Like many “Tom Swift” type readers of N&V, over time (at least 70 of my 81 years so far), I’ve accumulated great quantities of “junque.” I still maintain a retirement business (Diacad Associates, Rumney, NH)) designing, assembling, repairing, and upgrading PC clones for local desktop computer users. However, it became time to downsize and clean up the shop.
Business became slow due partly to Covid and partly to the abandonment of desktops by many in favor of handhelds and laptops which are beyond my scope. This has been a good time to get my shop in order. Over the past few years, I have taken 10 Tundra truckloads of electronic and mechanical scrap to an ethical recycling center, and my 3,000 sq ft shop hardly looks any different. Some stuff — while useless to the business — is difficult to part with.
With time on my hands, I opted to play with the material in purgatory: too good to toss, not useful to business. I have occasionally made chaotic neon light boxes using relaxation oscillator techniques as gifts, and in the 1970s sold them on consignment in Harvard Square boutiques. They ran on batteries or 120V AC; usually NE-2s in small plastic cases or Nixie tubes under glass domes. I still assemble them sometimes; a few are designed to make strange sounds with chaotic light patterns (Figure 1).
Figure 1 – Chaotic NE-2 and Nixie tube projects.
Chaos takes many forms. (See “Chaos” by James Gleick, a very readable overview.) The chaos I employ are “race conditions” — normally a great nuisance in the working day of the electrical world but used here for its surprising and amusing artistic appeal. Race conditions can happen when parallel repetitive unsynchronized (but linked) processes occur within a system; the timing is thrown off by slight electrical or mechanical differences from process to process. Real components differ from ideal specifications.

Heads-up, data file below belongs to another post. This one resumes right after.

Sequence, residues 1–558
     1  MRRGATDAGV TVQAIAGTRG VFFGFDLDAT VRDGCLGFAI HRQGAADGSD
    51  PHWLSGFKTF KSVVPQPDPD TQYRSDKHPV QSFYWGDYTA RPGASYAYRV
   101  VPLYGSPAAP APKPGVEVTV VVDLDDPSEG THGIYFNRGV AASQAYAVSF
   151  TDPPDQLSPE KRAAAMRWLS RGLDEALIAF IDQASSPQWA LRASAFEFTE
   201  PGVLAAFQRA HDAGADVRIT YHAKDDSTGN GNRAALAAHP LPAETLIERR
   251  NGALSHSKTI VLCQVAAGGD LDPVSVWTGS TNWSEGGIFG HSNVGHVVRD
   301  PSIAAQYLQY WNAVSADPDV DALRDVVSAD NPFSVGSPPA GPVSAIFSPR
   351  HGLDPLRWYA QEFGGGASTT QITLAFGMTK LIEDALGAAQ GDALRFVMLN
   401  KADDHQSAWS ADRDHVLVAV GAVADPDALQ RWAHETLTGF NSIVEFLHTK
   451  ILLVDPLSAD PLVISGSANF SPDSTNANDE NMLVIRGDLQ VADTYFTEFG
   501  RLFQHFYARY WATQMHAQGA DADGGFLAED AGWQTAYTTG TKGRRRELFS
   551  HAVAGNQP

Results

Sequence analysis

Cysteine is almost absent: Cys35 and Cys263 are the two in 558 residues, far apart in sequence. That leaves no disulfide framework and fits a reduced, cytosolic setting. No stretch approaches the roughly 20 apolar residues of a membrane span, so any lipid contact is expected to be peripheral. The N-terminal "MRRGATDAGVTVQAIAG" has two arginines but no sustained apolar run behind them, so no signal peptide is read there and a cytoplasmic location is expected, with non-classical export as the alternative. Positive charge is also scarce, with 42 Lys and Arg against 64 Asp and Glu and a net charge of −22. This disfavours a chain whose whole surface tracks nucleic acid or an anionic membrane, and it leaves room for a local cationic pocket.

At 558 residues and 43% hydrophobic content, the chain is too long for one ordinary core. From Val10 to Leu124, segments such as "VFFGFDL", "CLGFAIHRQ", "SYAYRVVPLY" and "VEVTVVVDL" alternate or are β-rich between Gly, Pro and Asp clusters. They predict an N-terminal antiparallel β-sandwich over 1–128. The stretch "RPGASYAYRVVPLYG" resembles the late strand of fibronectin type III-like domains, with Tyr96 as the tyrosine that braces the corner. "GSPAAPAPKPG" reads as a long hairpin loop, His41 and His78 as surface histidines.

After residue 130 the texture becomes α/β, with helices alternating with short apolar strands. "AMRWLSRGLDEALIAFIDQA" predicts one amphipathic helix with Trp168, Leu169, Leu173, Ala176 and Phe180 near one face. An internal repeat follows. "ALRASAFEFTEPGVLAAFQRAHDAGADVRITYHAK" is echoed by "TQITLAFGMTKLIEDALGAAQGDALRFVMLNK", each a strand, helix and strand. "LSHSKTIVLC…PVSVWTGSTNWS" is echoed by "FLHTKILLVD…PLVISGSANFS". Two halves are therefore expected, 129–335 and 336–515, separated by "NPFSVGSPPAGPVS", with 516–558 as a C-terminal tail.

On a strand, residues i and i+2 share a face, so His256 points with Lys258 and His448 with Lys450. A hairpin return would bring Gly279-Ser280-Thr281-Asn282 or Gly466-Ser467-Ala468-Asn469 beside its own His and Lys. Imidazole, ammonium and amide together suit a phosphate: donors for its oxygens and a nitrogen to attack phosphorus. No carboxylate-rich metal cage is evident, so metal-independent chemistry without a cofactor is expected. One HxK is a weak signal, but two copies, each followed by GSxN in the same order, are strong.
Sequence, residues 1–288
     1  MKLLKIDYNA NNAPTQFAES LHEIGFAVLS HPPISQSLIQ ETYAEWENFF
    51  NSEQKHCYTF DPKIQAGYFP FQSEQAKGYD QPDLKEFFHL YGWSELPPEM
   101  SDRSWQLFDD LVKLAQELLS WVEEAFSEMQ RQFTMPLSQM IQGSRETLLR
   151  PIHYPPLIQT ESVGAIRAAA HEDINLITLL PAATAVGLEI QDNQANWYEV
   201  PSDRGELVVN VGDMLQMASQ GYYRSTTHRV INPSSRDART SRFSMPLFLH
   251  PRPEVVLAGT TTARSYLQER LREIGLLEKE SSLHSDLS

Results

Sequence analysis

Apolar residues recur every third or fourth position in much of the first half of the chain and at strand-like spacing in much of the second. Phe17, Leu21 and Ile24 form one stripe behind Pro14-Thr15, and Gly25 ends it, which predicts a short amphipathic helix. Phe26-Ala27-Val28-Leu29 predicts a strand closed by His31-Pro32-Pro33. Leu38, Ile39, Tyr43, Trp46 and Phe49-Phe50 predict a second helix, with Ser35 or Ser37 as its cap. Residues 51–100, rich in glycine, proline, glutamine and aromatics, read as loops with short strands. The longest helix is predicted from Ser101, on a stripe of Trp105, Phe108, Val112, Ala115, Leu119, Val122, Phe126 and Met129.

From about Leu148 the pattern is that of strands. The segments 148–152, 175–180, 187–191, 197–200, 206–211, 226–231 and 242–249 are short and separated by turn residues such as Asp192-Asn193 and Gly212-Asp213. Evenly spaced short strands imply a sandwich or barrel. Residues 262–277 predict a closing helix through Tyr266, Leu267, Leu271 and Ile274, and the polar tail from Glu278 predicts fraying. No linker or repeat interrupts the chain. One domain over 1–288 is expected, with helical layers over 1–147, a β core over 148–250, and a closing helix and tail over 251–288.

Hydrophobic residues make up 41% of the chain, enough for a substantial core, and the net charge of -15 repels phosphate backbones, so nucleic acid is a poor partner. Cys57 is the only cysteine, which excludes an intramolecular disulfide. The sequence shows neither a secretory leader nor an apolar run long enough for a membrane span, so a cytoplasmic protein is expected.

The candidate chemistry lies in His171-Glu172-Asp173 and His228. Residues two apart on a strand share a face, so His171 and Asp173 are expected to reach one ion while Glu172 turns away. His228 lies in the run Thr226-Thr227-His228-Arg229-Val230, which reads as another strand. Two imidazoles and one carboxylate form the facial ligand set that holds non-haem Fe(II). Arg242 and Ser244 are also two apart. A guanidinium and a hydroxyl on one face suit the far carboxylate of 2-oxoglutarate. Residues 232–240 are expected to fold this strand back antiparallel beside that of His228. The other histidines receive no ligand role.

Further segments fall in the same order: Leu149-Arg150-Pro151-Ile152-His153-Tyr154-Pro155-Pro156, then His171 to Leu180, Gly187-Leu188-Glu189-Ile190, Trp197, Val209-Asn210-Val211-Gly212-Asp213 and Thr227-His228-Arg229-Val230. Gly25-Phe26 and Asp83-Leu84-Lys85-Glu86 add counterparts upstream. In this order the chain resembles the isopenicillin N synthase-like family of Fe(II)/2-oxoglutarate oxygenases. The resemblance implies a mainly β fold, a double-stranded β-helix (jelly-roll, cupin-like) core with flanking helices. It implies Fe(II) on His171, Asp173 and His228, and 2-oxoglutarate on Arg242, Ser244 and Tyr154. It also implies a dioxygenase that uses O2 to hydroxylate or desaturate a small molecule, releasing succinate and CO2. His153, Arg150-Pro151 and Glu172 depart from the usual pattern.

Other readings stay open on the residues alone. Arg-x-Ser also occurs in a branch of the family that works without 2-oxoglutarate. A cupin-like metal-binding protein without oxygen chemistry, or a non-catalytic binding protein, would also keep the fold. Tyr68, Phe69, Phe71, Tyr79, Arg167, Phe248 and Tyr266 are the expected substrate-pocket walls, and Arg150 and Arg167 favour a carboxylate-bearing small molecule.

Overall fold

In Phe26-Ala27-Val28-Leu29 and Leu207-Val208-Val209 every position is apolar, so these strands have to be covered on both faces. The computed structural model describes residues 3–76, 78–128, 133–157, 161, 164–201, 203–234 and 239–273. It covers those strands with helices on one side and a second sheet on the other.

I decided to make the “Chaostron:” a giant version of my past chaotic creations, using a few innovative approaches with my inventory of relays, light bulbs, and defective PC power supplies — often the culprit in a dead computer. I have a number of these, as anyone who fixes desktops does.
The relays on hand were 120V AC with three sets of contacts: NC/NO, NC, and NO (NC = normally closed, NO = normally open). A 120V AC relay will ordinarily pull in on less than 120V DC and be the basis for a relaxation oscillator similar to neon boxes. To complete the relay oscillator, I had some power resistors similar to DC resistance of the relay coils, which was about 1500 ohms.
The applied voltage to the resistor would be 150V DC from rectified and filtered line voltage. The capacitor would be connected parallel to the relay coil. With these values, the capacitor would charge up until the relay pulled in (at about 60 volts), providing a relaxation oscillator. The oscillation would be designed for just under a second — ideal for flashing the Chaostron lights (Figures 2 and 3).
Figure 2 – Relay board.
Figure 3 – Relay circuits: two types for horizontal and vertical.
A computer power supply ordinarily has two large 200V electrolytic capacitors at their input, from about 300 µF to over 800 µF. I have found that these are usually okay in defective units, as well as the input circuit diodes; generally, four in a bridge. These would be critical parts for the Chaostron.
Capacitors this large can be expensive if purchased instead of scrounged from old power supplies. There are many other parts in the power supply, and the failures are almost always somewhere else.
The capacitors will endure because they would be operating at much lower than their voltage rating, and any difference in their capacities will aid in the chaos effect as any differences in the relays or resistors themselves — this is an anti-precision project!